Month: July 2014

The halfway mark

Well well well—so much for that commitment to writing weekly submissions. But how interesting to reread my last post here and think about what has taken place in the four months since.

It has been a busy time, and is liable to get busier, as I have had the very good fortune to be offered a supported place in a newly instituted student exchange. But busyness and/or business are no excuse for laziness, and I shall reform myself.

I am now exactly a year through my MA program, and it is very strange to have time warp around me: I have already begun to feel the squeeze of my impending thesis deadline, simply because I started thinking about it.
It is times like these when a long hard morning of planning seems in order, and planning I shall do.

But it is the 1st of August, and I am definitely one of those people who is bolstered by notional New Beginnings. It’s improbably stupid, but there it is: I have made today a symbolic occasion, and woken up thinking, What ho, the first day of a new month? A fresh start! Time to resume blogging—and all that other stuff I’ve been meaning to do! Yes, codswallop, I know. But energy enough to be kicking along until the first of next month, at least, I should think.

Since this blog is ostensibly dedicated to my research project, I shall continue as I was before, making notes on my research practices and their relationship to my progress. I feel I should add that these notes themselves are original, but much of the inspiration for them is the fine work of others. I owe a great debt to the internet, and the wonderful people who propagate their ideas on the internet, especially academic bloggers, for supporting me through some very dark times, such as the vacuum of my past four silent months.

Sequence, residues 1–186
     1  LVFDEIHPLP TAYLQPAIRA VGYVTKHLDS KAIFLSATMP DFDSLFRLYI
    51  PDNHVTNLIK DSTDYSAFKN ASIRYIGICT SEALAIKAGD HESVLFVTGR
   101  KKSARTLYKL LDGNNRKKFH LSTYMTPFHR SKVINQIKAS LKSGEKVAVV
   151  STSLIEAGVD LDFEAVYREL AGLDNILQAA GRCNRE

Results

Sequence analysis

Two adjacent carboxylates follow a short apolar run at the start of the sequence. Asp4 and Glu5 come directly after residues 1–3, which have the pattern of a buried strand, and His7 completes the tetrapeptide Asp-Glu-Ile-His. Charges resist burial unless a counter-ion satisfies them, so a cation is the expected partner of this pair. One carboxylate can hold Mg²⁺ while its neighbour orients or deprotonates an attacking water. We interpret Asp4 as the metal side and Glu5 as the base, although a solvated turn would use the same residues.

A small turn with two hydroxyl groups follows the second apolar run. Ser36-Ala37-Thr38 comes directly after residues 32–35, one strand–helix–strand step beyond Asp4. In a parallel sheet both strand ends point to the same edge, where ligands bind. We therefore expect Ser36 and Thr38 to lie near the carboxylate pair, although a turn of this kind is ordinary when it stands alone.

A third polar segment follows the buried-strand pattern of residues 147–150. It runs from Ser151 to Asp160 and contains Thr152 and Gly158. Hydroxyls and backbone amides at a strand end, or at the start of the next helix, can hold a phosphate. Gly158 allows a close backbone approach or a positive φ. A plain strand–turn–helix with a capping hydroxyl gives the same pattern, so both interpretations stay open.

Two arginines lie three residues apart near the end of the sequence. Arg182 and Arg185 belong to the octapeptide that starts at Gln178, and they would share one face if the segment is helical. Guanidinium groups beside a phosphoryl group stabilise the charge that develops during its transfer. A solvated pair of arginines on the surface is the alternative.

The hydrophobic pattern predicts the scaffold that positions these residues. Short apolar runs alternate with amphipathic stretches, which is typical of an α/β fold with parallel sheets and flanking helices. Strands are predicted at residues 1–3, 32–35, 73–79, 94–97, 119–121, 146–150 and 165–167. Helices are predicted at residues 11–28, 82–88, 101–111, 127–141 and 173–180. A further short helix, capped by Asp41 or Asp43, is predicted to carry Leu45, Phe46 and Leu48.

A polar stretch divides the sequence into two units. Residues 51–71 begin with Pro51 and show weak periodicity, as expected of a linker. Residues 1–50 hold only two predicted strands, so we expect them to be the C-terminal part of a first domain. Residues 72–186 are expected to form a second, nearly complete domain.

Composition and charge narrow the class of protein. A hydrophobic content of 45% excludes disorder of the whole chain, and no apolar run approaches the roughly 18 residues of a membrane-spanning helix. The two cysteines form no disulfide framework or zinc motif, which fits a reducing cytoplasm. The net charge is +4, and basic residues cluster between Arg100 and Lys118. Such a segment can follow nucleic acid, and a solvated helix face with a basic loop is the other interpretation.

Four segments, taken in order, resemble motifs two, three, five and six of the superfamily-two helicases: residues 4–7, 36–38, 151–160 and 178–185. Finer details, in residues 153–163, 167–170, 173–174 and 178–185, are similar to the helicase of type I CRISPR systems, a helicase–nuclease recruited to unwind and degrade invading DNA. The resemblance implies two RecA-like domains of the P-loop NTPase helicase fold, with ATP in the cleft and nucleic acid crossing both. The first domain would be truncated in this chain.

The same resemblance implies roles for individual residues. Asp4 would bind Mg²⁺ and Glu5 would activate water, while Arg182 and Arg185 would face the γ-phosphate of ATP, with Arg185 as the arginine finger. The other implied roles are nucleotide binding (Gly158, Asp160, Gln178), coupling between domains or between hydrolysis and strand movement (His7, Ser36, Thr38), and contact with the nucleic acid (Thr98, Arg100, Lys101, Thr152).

As I have mentioned before, I operate somewhere within the triangle formed by history, literature, and translation studies. By their very nature, all three fields are complementary, and all three also have certain amorphous tendencies. I expect that most graduate students can relate when I say that I felt pressured to assume a disciplinary position. However, this has ultimately been little more than a distraction, and I urge anyone writing a text-based dissertation to assume a disciplinary position only as much as is absolutely necessary, and otherwise just focus on your text, because it is quite simply the core of your studies. You see, it has taken me half of my program to complete a full translation draft—translation draft—of my text.

This is not true of all translation projects. Most people have the good sense to work with living languages, and are therefore much more likely to have access to help and support. Those of us who tread cautiously into the realms of premodern materials, on the other hand, are often left sitting in front of a computer screen for hours, just staring, because often there is no answer, and you must just make something up for the time being, make a note that you made it up, and return to it later, hoping that the hermeneutic circle has closed and imparted some sort of sense to what came before.

It will probably take me the other half of my program to finish the damn thing, but that’s as it should be.